Since 4G is almost a decade old, people have been eagerly anticipating the release of 5G, which is set to mark a massive boost in speed and reliability. Video streams are in a higher definition than in 2009, as are application sizes and overall data usage for calls. 4G simply can’t keep up with the demand.
Wireless data in the U.S. is in a bit of a slump thanks to its aging infrastructure, but the hope is a 5G rollout by 2020 can bring a more reliable connection to more towns across the country. With applications sipping more and more megabytes, the upgrade can’t come soon enough.
5G Net Neutrality Fears
The December 2017 repeal of net neutrality in the U.S. got the general public to wake up and appreciate their online freedoms. Internet fast lanes, tiered access packages, and increased surveillance are all possible without net neutrality laws in place. This affects ISPs and home network connections the most, but it also applies to data plans on cell phones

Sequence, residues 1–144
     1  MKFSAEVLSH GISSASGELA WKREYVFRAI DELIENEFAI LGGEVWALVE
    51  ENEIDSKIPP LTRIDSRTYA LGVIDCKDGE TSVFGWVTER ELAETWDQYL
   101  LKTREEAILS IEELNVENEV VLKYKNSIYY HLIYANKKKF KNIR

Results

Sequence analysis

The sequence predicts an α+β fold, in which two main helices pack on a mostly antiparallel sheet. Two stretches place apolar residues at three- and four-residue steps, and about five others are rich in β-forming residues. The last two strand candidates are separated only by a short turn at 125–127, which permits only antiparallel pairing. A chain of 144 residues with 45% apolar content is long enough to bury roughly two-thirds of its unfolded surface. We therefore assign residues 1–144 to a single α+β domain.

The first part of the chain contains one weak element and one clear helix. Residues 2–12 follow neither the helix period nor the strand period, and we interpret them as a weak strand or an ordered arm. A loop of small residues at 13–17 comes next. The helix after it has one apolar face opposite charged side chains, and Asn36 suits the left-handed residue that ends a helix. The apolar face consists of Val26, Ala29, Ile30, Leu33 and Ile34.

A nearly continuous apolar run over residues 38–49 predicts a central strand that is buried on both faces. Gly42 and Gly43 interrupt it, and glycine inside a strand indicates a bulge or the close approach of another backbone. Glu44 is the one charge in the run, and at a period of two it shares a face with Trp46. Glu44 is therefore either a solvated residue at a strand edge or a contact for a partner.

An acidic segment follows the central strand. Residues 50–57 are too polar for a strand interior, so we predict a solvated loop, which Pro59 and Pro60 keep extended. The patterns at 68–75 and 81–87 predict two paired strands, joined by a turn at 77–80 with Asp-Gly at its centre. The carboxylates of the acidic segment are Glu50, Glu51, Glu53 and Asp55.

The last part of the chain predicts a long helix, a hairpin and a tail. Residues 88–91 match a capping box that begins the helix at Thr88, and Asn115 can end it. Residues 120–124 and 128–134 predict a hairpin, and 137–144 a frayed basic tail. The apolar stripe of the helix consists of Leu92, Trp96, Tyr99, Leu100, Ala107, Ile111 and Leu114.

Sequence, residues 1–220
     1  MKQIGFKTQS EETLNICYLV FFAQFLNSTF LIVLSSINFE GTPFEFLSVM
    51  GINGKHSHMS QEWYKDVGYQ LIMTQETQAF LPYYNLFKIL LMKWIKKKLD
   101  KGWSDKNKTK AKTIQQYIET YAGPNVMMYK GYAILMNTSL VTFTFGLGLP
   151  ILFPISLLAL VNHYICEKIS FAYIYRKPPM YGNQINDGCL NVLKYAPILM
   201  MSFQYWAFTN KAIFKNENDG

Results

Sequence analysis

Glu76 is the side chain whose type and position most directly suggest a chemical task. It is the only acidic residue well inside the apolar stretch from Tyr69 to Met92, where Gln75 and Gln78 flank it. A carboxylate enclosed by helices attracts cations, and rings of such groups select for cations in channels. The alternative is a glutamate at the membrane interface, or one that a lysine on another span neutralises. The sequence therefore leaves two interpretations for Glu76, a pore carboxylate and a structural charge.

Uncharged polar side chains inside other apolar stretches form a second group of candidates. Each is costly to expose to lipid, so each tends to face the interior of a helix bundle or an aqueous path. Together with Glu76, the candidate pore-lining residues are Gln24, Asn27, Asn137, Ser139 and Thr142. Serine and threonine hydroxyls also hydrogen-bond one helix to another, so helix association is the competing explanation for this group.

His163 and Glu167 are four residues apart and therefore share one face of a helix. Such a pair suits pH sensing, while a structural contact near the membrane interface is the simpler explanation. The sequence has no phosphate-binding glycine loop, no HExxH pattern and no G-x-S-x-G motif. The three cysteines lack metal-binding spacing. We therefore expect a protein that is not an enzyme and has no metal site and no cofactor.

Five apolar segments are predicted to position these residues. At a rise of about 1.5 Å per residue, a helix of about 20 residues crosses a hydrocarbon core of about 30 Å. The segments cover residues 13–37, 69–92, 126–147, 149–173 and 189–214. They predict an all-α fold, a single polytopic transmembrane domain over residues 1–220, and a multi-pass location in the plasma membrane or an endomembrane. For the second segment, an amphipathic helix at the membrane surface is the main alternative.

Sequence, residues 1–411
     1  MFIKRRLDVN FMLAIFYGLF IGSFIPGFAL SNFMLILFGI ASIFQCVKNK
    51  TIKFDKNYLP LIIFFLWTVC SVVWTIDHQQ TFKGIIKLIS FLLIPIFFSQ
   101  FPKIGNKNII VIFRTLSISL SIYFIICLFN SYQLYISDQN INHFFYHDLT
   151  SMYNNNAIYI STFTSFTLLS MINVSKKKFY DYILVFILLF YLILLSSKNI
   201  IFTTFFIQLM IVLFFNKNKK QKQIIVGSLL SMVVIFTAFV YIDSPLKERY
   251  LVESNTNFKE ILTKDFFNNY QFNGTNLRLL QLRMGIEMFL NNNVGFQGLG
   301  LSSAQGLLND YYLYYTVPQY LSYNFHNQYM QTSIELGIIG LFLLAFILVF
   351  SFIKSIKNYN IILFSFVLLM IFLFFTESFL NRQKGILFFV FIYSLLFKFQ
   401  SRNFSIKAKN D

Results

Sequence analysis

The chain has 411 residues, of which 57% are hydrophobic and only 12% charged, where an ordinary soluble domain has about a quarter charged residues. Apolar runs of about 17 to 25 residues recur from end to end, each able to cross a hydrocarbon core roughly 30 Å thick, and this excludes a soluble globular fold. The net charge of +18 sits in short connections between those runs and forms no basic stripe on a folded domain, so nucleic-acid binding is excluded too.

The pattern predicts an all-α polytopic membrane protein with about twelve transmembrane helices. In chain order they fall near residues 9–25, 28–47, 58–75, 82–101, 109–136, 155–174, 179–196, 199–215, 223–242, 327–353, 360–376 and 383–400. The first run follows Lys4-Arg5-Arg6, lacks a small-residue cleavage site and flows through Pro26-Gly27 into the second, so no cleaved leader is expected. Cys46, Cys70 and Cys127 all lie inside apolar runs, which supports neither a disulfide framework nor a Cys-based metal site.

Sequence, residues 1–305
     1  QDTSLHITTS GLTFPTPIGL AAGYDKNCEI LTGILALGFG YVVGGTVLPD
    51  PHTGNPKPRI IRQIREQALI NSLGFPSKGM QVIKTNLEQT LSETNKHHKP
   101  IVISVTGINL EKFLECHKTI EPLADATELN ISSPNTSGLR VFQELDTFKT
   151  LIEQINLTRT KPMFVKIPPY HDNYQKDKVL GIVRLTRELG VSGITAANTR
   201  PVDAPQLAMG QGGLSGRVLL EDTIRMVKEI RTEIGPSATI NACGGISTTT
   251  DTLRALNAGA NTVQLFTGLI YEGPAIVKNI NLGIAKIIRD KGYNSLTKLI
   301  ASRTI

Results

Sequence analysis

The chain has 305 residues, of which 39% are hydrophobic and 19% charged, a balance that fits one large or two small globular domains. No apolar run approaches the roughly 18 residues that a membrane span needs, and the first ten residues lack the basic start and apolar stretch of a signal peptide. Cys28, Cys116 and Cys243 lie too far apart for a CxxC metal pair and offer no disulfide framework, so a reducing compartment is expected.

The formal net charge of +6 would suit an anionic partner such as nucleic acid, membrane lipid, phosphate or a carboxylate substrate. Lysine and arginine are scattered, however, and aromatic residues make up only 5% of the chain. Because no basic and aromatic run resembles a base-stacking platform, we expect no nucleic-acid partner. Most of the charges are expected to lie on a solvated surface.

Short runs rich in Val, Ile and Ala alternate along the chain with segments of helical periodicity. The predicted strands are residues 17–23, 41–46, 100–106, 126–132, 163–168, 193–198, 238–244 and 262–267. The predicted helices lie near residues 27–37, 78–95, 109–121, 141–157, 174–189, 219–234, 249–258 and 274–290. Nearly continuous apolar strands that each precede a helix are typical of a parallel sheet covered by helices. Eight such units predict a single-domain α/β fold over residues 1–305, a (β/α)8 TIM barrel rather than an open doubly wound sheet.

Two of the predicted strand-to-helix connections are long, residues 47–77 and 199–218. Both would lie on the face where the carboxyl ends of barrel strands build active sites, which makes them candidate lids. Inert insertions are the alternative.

If the rumors are true, 5G could represent the government’s grandest effort to take control of the U.S. internet. Surveillance could be the default for 5G connections, making every call and every download subject to government scrutiny.
The Leaked Memo
Most of the 5G security concerns stem from a leaked PowerPoint deck and memo that supposedly came from a senior member of the National Security Council. It indicates Trump’s advisors had, at the very least, eyed a proposal to nationalize the 5G network in the U.S., taking control of the infrastructure and renting its services to ISPs and cellular carriers. The proposal suggested this was part of a plan to boost the nation’s cyber defenses, though no specific details were mentioned.